Direct to the top

When it comes to General Services Administration schedule sales, Dell Computer

Corp. is the Tiger Woods of government procurement. Just as there is no

other player who burns up fairways and greens like the young golfing phenom,

there is no company that scores GSA schedule sales like Dell.

Consider that it takes a combination of the four companies behind Dell

on the schedule list IBM Corp., Electronic Data Systems Corp., Oracle

Corp. and Gateway Inc. to surpass Dells total sales of $933.5 million

between July 1, 1999, and June 30, 2000. And no one could label those companies

slouches. Dells fiscal year sales has the company within striking distance

of becoming the first billion-dollar GSA schedule holder.

Dell can credit much of its success to the governments push to streamline

the procurement process in the mid-1990s, according to Thomas Buchsbaum,

vice president and general manager of Dells federal division.

There has always been a demand in government for commercial off-the-shelf

products, he said, and the company went to the GSA schedule more than 10

years ago to try to meet that demand. But it was the governments move away

from slow, bureaucratic contracting to emphasizing fast turnaround of orders

that pushed Dell to the top of GSA sales.

"As the federal government streamlined, they looked more to commercial

best practices to see how to get things done," Buchsbaum said. "They looked

to the likes of Boeing [Co.] and other large companies and began asking

how they managed [to buy IT products] without being sued by their vendors

or having contract awards challenged. It just so happened that Dells business

model was designed around selling to large company contracts."

When the government began allowing credit card purchases, Dell really

took off, said Mark Amtower, president of Amtower and Co. That played into

Dells strategy of emphasizing direct marketing at a time when other companies

were not nearly so attached to it. Add solid technology and a growing reputation

for customer service, and the scene was set.

"Dell was in the right place at the right time, with good products and

shipments that very seldom were DOA," Amtower said. "That enabled them to

quickly capture the new purchasing mind-set. It got to where the company

was viewed like the IBM of old no one would ever get fired for buying

Dell."

It also didnt hurt that Dell was one of the pioneers of online purchasing.

Even before the World Wide Web became a major force, the company was shipping

details of its products on floppy disks so that buyers could compare systems.

Dell saw the value of the Web before most other companies and made it easy

for buyers to configure the exact systems they wanted and to order them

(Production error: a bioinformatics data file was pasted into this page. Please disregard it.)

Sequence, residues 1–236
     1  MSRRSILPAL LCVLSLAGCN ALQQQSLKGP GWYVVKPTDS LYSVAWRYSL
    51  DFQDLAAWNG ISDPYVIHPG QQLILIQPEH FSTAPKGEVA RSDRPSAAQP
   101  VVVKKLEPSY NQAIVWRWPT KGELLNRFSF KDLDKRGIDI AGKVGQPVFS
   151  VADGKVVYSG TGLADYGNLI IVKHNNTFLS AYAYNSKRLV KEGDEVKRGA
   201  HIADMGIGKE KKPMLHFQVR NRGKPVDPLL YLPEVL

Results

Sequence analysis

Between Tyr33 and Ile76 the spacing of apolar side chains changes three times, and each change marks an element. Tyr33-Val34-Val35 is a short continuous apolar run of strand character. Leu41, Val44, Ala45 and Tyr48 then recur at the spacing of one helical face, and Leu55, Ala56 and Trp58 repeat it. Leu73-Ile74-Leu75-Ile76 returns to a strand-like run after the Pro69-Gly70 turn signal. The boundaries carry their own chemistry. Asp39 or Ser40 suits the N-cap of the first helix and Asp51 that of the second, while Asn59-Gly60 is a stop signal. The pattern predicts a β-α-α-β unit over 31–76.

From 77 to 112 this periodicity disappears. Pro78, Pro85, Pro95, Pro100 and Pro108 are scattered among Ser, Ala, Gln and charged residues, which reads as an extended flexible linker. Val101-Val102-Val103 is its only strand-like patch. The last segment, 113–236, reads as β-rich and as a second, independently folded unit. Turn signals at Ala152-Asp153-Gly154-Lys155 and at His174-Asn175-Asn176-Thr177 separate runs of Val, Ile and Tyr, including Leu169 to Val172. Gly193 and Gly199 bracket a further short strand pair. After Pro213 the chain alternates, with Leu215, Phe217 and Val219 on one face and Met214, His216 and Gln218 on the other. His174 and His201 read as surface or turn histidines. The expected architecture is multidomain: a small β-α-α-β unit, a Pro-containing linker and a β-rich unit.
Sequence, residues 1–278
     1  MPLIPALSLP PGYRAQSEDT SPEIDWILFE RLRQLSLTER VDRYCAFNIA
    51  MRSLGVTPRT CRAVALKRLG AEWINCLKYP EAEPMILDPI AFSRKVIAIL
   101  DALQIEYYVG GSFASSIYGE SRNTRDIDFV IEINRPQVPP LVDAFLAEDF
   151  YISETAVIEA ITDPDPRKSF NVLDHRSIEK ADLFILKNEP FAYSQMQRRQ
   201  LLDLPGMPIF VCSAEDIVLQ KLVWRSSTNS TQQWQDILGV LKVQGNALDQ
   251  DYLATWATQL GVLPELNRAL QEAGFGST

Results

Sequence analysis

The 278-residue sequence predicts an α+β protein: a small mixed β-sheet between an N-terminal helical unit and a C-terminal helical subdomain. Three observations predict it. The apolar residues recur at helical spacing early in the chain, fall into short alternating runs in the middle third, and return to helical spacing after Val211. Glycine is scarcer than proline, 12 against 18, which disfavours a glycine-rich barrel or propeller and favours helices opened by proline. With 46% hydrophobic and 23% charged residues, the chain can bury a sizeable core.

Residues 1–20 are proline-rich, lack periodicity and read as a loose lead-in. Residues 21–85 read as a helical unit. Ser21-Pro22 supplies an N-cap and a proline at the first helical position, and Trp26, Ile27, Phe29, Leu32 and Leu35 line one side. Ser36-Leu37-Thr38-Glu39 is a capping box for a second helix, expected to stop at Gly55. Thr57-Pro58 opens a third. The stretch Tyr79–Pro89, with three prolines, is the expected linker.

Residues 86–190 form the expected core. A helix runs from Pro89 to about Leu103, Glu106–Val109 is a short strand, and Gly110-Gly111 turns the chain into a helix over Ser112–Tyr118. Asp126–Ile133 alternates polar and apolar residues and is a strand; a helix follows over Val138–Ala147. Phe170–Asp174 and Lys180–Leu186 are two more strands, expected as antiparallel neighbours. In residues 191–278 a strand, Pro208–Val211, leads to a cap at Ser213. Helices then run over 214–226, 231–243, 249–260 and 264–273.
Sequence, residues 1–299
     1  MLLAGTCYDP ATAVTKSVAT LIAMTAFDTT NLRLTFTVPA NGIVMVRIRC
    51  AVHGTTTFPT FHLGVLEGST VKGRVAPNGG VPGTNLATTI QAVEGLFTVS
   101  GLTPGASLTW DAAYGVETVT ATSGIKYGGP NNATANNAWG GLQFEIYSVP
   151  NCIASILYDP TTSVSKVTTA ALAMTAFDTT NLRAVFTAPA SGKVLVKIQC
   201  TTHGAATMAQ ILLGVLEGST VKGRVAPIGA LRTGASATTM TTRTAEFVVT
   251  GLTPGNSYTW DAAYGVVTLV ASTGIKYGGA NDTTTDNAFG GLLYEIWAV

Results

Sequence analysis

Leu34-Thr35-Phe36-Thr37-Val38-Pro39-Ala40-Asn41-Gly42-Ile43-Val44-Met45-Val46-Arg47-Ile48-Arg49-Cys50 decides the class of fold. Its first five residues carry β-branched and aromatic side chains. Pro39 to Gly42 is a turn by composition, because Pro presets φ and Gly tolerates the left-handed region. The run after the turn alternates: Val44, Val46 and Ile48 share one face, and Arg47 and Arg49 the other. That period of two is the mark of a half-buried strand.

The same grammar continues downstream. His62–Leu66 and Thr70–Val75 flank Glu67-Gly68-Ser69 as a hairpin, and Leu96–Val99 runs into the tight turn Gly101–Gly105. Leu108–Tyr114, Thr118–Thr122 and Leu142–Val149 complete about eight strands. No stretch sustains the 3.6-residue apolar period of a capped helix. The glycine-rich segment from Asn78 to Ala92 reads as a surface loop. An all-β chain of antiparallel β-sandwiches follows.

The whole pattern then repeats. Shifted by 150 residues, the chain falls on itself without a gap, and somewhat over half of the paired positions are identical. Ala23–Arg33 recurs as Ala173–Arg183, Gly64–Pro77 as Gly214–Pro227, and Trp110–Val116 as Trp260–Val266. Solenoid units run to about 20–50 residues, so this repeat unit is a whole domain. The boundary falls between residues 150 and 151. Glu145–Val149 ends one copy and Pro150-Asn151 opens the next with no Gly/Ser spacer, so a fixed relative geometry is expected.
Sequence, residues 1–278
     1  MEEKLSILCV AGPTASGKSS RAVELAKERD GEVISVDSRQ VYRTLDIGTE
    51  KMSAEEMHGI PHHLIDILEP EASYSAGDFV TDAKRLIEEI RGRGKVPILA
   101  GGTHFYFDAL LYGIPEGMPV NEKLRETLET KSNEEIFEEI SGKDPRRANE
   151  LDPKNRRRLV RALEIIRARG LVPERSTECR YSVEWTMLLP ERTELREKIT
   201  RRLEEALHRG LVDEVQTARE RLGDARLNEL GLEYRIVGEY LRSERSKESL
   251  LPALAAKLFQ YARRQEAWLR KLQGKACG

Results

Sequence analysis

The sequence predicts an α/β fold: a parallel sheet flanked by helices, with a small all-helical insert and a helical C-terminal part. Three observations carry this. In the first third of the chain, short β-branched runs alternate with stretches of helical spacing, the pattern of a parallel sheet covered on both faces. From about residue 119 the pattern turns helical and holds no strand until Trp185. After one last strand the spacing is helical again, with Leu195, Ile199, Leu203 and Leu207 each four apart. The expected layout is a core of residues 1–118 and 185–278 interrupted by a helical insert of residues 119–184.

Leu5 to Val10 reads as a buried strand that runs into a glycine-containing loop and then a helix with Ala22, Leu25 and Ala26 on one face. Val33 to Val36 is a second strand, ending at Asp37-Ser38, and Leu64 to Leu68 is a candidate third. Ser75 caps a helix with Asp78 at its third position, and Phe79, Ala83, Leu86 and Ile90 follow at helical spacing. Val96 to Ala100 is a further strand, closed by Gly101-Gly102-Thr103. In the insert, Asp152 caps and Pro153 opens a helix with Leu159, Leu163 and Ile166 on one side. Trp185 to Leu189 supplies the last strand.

online.

The government was an early target of this approach. In fact, one of

Dells first customizable Web pages called Premier Pages was created

to handle GSA business.

Looking forward, Buchsbaum believes there is still plenty of the traditional

product business to exploit. Although procurement streamlining has been

under way for some time, agencies have generally been slow to take advantage

of it, he said, which means Dells direct sales model will continue to have

advantages. And as awareness of the Dell name expands, the company is seeing

increasing success with agencies that have smaller budgets, where sales

of $25,000 and under are the norm.

There are also areas of "dynamic growth" that Buchsbaum feels will attract

more of the companys attention. As the supply of talented employees shrinks,

for example, agencies are looking to companies such as Dell to supply services

that they dont consider part of their core missions. So Dell is increasingly

involved in such things as software image management, in which it configures,

tests and delivers systems fully loaded with software including government-developed

software according to agency specifications.

Electronic government and information security are other potential growth

areas. In Buchsbaums view, security embraces both governments dealings

with the public and actual transactions, such as accepting tax payments

over the Web. Dell shouldnt have to put much effort into developing this

line of business, Buchsbaum pointed out, because the company has a long

history of conducting its own business over the Internet.

"Quite a number of agencies have been coming to us and asking us what

it would take for them to emulate our [online] practices," Buchsbaum said.

"So we see a good outlook for us in helping them with this."

But it will not necessarily be smooth sailing. Other companies are catching

on to what it takes to sell to government in this new age of procurement,

and Dell may find itself slipping in some areas. For example, although the

companys customer service has been rated as one of the best in the industry,

Amtower feels its not as good as it used to be, "contrary to what Dell

wants people to think."

Nevertheless, he added, "I dont see Dell faltering in the next 36 months.

There are just too many variables" that the company still controls.

Buchsbaum doesnt foresee many changes in Dells approach. After all,

why tamper with a winning formula?

"Weve seen changes at Dell, but theyve all been built around that

core approach that has been applied consistently over the years," he said.

"I dont expect us to ever lose sight of that."

Robinson is a freelance journalist based in Portland, Ore.

About the Author

Brian Robinson is a freelance writer based in Portland, Ore.

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